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Feast of the Hunters' Moon facts for kids

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Feasthuntersmoon2006
Fifers at the 2006 Feast

Feast of the Hunters’ Moon is a weekend festival and historical reenactment held on a weekend in October since 1968, at the present-day site of Fort Ouiatenon, a replica 18th century French military and trading post near West Lafayette, Indiana. Traditionally, the Hunters' Moon is the full moon in October, following September's Harvest Moon.

Site

Fort Ouiatenon blockhouse front
Blockhouse replica at Fort Ouiatenon

The Feast is held on the grounds of the Historic Fort Ouiatenon Park, on the Wabash River. The blockhouse is a replica of the original Fort Ouiatenon, which was the first fortified European settlement in what is now called Indiana. The fort served as a French trading post and was located approximately one mile downriver from the replica.

Program

During the festival, participants reenact the annual fall gathering of the French and Native Americans which took place at Fort Ouiatenon in the mid-18th century. Participants dress in the garb of the 18th century French soldiers, settlers, and Native Americans who lived in this region. Food vendors sell traditional period foods such as rabbit stew, voyageur stew, and venison sausage. The program also includes music, marching, dancing and reenacted military maneuvers.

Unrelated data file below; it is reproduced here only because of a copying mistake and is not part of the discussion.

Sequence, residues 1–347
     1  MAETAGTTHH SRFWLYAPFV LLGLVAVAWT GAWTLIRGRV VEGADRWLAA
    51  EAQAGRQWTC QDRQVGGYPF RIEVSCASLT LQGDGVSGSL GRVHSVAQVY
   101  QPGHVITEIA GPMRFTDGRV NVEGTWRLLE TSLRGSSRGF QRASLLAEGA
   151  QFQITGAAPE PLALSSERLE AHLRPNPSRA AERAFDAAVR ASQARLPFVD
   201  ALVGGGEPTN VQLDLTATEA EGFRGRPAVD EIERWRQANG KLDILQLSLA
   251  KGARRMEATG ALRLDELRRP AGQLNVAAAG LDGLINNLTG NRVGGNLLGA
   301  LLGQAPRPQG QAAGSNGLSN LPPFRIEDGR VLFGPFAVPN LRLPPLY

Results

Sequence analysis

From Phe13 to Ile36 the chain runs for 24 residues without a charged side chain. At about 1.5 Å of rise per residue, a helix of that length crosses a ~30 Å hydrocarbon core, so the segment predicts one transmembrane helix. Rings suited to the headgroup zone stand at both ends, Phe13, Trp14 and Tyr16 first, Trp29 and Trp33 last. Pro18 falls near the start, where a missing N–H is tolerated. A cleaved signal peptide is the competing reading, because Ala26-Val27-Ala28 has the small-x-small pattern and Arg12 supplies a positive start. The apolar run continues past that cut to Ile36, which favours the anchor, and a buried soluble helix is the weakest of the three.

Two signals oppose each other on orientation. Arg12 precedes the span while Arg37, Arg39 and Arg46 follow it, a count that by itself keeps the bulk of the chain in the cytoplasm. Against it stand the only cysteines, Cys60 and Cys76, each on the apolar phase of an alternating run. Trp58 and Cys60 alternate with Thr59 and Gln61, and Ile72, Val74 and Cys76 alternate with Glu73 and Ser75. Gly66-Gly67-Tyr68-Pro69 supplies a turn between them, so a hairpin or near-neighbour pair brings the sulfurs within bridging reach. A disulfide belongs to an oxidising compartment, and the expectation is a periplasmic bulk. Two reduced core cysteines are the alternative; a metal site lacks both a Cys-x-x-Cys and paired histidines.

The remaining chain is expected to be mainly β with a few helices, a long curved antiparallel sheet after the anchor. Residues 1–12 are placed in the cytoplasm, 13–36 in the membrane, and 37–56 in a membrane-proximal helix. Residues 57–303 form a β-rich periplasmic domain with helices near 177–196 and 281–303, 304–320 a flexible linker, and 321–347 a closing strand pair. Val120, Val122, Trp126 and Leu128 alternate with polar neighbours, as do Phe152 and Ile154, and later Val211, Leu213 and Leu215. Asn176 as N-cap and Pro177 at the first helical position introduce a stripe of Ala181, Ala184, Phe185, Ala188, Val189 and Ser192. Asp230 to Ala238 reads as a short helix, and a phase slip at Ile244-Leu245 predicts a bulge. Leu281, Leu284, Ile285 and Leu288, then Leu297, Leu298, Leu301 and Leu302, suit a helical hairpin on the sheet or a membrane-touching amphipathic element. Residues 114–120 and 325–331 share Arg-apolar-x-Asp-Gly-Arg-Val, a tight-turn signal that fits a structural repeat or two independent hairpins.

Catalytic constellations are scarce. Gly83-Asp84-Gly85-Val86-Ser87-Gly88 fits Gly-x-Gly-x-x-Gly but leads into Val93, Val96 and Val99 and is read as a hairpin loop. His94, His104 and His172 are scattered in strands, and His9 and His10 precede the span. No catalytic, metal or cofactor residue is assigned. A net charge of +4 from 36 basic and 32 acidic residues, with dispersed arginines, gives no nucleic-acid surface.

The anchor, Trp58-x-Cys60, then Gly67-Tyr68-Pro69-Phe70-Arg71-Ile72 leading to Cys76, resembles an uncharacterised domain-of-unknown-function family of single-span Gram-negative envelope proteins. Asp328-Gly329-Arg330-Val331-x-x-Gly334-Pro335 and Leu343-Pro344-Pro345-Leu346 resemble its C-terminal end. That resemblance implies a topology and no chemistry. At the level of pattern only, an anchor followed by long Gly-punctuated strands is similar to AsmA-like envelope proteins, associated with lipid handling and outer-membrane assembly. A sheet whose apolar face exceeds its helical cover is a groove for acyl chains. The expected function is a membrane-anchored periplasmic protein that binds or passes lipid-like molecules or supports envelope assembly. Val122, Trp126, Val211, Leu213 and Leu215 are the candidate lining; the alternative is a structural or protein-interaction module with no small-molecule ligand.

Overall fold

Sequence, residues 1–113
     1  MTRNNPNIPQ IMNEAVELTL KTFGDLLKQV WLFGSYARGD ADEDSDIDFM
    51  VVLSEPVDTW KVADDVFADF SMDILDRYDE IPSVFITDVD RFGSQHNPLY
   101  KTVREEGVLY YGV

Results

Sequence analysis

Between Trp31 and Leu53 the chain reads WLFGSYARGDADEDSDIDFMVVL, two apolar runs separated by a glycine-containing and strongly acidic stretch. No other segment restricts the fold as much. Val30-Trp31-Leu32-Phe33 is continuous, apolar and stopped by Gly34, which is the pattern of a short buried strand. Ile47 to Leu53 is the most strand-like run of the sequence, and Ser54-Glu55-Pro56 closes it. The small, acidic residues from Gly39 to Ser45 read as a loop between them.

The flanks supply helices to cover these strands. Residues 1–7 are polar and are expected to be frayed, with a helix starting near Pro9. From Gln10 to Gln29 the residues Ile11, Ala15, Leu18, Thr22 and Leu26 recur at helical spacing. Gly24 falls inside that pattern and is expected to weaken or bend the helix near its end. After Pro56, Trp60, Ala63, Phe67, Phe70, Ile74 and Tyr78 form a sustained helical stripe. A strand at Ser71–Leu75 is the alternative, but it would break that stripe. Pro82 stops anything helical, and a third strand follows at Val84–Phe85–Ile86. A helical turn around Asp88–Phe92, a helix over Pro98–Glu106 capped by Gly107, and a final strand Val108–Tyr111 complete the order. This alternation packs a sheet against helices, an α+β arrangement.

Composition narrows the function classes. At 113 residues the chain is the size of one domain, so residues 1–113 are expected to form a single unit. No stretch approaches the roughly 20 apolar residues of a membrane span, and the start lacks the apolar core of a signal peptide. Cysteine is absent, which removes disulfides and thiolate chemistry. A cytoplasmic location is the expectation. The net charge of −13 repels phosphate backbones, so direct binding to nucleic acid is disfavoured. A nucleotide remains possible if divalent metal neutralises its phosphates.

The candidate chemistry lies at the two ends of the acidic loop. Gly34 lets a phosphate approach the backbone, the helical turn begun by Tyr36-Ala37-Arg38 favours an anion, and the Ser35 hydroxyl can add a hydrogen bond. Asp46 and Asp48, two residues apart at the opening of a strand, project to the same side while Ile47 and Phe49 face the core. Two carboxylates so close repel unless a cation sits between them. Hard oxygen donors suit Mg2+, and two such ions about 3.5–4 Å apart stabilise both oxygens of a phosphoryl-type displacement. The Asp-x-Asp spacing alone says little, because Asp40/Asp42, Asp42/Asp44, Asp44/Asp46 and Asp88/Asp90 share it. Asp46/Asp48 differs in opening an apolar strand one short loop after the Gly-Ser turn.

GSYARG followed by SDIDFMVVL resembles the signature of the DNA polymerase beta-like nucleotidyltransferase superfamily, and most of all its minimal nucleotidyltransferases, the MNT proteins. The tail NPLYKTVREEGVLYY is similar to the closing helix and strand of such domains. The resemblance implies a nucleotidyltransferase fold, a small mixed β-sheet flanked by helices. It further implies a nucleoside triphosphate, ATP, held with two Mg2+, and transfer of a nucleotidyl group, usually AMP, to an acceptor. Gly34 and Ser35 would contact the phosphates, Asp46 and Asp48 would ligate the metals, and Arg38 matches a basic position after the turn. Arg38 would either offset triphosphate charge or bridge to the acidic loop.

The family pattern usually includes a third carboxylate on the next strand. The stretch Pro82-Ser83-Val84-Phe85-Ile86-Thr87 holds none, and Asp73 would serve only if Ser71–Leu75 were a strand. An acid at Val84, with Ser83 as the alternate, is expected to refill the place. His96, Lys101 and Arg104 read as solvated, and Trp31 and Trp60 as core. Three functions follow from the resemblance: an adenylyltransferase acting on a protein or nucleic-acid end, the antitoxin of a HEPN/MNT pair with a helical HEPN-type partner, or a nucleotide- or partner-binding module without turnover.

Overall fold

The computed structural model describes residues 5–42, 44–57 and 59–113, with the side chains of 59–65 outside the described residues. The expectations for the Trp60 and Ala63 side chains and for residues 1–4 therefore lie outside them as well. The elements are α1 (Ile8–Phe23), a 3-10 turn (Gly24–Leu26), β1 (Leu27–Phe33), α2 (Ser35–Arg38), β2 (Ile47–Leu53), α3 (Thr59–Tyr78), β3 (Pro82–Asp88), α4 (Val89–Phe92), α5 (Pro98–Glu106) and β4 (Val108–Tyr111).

Musical performances

As part of the event, various musical acts perform, including Native American drummers, historical folk music performers, French folksingers and period fife and drum corps.

Living history presentations

The event includes historical reenactments featuring period characters from the 1700s to educate visitors about the lives and culture of the period. One historical interpreter presented a Delaware Indian who first served as a scout for the French and whose people lived along the Wabash River in the 1700s and co-existed peacefully with the French at the outpost. Others play traders and gunsmiths, such as "Pierre Rolletof" of French Scots-Irish descent who traveled along the Wabash River trading a range of items, including guns, and also gunsmithed as he traveled. Other reenactors have demonstrated various period trades and crafts, including a chairmaker who built Windsor chairs to order, spending 40–45 hours per chair.

Size and production

In 2004, the annual event drew over 8,000 participants and over 60,000 spectators. The Tippecanoe County Historical Association, cooperating with the Tippecanoe County Parks Department, presents the event on a weekend in late September or early October. The annual event ran for its 44th year in 2011. 2017 marked its 50th anniversary and the 300th anniversary of the fort. The event was cancelled for 2020 and is scheduled for October 9th -10th 2021.

Coordinates: 40°24′23″N 86°57′50″W / 40.40639°N 86.96389°W / 40.40639; -86.96389

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